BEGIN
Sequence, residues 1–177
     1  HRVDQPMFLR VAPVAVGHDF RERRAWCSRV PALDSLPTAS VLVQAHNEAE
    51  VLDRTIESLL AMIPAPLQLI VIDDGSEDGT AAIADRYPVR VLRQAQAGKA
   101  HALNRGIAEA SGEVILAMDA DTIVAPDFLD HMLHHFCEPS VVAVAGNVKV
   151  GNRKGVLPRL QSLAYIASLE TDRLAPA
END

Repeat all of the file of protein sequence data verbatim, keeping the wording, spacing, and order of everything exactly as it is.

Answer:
Sequence, residues 1–177
     1  HRVDQPMFLR VAPVAVGHDF RERRAWCSRV PALDSLPTAS VLVQAHNEAE
    51  VLDRTIESLL AMIPAPLQLI VIDDGSEDGT AAIADRYPVR VLRQAQAGKA
   101  HALNRGIAEA SGEVILAMDA DTIVAPDFLD HMLHHFCEPS VVAVAGNVKV
   151  GNRKGVLPRL QSLAYIASLE TDRLAPA